Brichetto’s son attends Presumpscot Elementary School, and she sponsors the school’s basketball team, so she’s also built a school section that will sell things like pencils and trinkets for kids.

Once Brichetto gets the OK from the city, the market will have a few picnic tables.

Corsetti’s temporarily closed

Corsetti’s restaurant and bakery in Westbrook announced Friday that it was closing temporarily “out of an abundance of caution” because a staff member had tested positive for COVID-19.

“Although it is not a state requirement,” the managers wrote on the restaurant’s Facebook page, “we have decided to close until it is safe for both staff and customers to return. Above all, we value the health of our community.”

Staff members who may have been exposed to the virus are being tested.

Corsetti’s has been serving pizzas, calzones, burgers and sandwiches in Westbrook since 1974.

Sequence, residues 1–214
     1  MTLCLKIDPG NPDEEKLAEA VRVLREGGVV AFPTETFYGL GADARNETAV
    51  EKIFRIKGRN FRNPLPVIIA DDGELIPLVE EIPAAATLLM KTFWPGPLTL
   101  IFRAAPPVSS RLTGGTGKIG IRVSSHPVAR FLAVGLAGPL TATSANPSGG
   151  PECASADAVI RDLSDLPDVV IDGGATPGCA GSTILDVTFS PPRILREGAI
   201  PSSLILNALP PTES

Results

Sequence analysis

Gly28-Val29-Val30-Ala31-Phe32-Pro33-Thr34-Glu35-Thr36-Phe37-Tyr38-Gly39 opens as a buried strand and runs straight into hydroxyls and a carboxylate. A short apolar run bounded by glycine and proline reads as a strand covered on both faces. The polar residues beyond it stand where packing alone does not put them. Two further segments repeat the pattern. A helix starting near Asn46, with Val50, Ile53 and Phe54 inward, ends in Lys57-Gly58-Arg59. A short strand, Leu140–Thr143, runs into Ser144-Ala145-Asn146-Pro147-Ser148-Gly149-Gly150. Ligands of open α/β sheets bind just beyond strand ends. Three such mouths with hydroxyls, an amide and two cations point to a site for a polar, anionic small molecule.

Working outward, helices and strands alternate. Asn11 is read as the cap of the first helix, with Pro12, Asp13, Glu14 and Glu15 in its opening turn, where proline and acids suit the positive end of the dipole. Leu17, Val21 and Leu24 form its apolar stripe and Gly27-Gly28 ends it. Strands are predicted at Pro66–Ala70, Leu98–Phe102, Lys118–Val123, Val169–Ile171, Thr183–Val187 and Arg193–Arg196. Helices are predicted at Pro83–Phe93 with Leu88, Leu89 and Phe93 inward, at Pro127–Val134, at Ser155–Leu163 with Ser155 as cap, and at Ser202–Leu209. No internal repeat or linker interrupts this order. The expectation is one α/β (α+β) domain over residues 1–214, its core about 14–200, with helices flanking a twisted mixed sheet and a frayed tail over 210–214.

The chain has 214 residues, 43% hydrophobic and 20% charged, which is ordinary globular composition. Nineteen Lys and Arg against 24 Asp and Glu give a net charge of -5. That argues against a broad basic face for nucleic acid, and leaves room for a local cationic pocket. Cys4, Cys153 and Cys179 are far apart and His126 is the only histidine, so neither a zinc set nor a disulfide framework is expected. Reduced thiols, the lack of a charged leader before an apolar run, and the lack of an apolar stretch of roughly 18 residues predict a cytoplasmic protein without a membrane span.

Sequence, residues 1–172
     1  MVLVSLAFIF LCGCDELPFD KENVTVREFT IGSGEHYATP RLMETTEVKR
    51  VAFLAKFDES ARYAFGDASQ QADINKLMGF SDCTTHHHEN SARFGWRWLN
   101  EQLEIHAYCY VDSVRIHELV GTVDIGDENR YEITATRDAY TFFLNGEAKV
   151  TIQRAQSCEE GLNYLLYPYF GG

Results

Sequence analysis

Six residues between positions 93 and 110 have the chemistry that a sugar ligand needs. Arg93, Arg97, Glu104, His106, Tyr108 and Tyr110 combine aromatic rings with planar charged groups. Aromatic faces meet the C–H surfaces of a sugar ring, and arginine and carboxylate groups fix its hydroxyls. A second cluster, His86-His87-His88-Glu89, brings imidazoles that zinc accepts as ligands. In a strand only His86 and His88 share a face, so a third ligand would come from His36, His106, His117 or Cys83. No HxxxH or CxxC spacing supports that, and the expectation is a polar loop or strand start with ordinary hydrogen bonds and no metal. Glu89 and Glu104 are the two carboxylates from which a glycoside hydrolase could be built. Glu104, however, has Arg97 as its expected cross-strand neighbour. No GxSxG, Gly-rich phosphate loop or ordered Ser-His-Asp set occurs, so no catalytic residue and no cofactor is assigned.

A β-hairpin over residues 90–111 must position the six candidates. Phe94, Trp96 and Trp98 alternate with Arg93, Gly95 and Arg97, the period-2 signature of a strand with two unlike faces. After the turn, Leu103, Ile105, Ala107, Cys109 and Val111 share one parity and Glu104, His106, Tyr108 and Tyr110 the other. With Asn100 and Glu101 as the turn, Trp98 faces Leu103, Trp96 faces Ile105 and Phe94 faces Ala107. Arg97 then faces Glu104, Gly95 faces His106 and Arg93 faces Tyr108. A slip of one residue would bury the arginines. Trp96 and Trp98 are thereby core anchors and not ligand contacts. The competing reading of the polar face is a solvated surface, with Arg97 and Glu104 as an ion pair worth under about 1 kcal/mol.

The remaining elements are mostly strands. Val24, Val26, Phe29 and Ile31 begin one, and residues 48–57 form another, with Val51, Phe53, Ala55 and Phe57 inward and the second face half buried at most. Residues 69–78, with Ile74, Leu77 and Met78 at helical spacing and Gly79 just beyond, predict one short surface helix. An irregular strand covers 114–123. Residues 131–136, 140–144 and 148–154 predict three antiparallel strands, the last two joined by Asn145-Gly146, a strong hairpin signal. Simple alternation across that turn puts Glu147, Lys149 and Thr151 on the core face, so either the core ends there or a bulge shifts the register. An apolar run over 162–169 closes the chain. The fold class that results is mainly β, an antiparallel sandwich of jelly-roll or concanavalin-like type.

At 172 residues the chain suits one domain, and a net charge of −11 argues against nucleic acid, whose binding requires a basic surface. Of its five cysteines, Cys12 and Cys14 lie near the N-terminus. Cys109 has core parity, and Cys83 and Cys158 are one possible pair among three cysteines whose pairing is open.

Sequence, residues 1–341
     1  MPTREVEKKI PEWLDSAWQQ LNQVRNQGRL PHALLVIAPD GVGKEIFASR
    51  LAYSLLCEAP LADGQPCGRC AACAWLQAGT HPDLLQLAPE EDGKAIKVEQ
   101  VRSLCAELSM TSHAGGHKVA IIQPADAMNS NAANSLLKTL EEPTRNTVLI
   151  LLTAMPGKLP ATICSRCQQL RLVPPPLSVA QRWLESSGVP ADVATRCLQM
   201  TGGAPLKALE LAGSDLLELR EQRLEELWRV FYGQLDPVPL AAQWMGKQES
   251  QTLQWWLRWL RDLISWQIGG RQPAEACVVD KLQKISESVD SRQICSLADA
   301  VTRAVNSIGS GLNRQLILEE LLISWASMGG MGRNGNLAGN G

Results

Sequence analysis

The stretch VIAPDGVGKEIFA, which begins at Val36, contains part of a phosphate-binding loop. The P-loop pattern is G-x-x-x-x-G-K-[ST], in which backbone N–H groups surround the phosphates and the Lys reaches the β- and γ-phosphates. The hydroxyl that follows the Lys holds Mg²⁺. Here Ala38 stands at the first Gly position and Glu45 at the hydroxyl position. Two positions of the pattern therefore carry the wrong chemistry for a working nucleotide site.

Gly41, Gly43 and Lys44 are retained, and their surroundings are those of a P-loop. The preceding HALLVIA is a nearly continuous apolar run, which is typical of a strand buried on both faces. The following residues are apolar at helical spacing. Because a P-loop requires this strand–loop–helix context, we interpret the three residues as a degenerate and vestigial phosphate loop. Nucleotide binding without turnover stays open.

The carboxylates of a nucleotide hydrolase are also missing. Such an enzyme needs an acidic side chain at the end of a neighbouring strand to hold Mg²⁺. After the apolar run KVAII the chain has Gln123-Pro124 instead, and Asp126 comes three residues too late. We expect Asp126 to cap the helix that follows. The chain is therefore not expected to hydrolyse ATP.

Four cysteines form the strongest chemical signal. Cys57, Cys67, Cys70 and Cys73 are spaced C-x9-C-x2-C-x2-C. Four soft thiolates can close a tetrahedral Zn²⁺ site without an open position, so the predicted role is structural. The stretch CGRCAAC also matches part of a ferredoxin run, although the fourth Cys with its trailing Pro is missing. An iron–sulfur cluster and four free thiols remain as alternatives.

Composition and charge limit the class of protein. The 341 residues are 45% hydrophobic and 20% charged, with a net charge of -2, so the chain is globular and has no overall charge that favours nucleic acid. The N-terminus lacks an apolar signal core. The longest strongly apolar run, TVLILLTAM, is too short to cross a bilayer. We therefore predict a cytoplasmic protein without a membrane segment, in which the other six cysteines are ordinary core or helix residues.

Free ice cream for nurses

The thank yous to front line workers continue this week with free Ben & Jerry’s ice cream for Maine nurses.

On Wednesday, Tom Murphy of the Ben & Jerry’s on Union Street in Kennebunkport will scoop ice cream from noon to 1:30 p.m. in the physician’s parking lot at the Mercy Hospital State Street campus in Portland. On Thursday, at the same time, Murphy will be at Mercy Hospital’s Fore River Campus. Two hundred scoops of ice cream will be given away each day to working nurses.

The giveaway is part of the company’s national effort to reward essential workers with a quarter million scoops of ice cream from its scoop shops, which are now re-opening in some states. No word on what the flavors will be. Given the state of the world, we suggest Chip Happens and Chocolate Therapy.